On the morning of the third day the illness was over. As I cleaned my body and boat I began to feel somewhat chagrined. Had I overdramatized a bad case of the flu? I don’t know; I’m a sailor not a doctor. At what point do severely congested lungs become pneumonic? Or a coral cut becomes a staph infection? In 1888, Robert Louis Stevenson sailed to the South Pacific on the yacht Casco, “to be far from any hand of help.” He had struggled with tuberculosis for years and had hoped the tropical sea air might heal his lungs. Four years later he was dead in Samoa at age 44.

Thus far along my journey, I have focused the risk mitigation on avoiding reefs and storms, but this little health event reminded me that I need to pay attention to the health and well-being of the pilot of Flying Fish, too. When I set sail from Key West with such ambitious plans I wanted a challenge without a lifeline. I didn’t want it all to be easy and comfortable. Now, I realize I need to learn about the physiological part of sailing alone, too. Being sick at anchor is far less serious than being sick under sail but in an odd way it has given some perspective and balance to my passage aboard Flying Fish.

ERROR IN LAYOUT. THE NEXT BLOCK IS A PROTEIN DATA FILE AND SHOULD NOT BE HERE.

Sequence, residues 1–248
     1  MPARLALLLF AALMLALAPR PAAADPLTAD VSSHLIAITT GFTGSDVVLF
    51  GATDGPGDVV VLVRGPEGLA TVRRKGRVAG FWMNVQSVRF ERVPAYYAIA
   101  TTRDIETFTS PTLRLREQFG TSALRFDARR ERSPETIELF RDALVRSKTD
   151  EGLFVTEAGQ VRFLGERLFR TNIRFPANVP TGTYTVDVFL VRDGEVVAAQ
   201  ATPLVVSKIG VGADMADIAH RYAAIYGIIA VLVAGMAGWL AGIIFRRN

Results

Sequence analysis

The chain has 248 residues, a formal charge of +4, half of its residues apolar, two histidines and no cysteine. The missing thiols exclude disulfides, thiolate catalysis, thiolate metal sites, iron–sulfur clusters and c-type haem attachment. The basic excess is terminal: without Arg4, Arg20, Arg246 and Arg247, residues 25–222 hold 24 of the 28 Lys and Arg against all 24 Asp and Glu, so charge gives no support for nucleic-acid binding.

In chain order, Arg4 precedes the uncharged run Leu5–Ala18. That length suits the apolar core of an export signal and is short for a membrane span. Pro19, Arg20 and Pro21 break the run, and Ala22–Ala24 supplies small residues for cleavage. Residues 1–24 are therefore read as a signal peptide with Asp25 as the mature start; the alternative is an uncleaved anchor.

I could have taken a lesson from one of my maritime heroes, Joshua Slocum, who as most sailors know was, in 1898, the first person to sail alone around the world. On his Atlantic crossing he had just left the island of Faial in the Azores and he made a supper of cheese and plums he had been given as gifts. Within hours he was on his back on the cabin floor writhing with cramps and delirious with fever. At one point he looked out of the companionway doors to see an ethereal figure at the helm steering the Spray. The figure looked at Slocum and said, “I am one of Columbus’s crew. I am the pilot of the Pinta come to aid you. Lie quiet, señor captain, and I will guide your ship tonight.”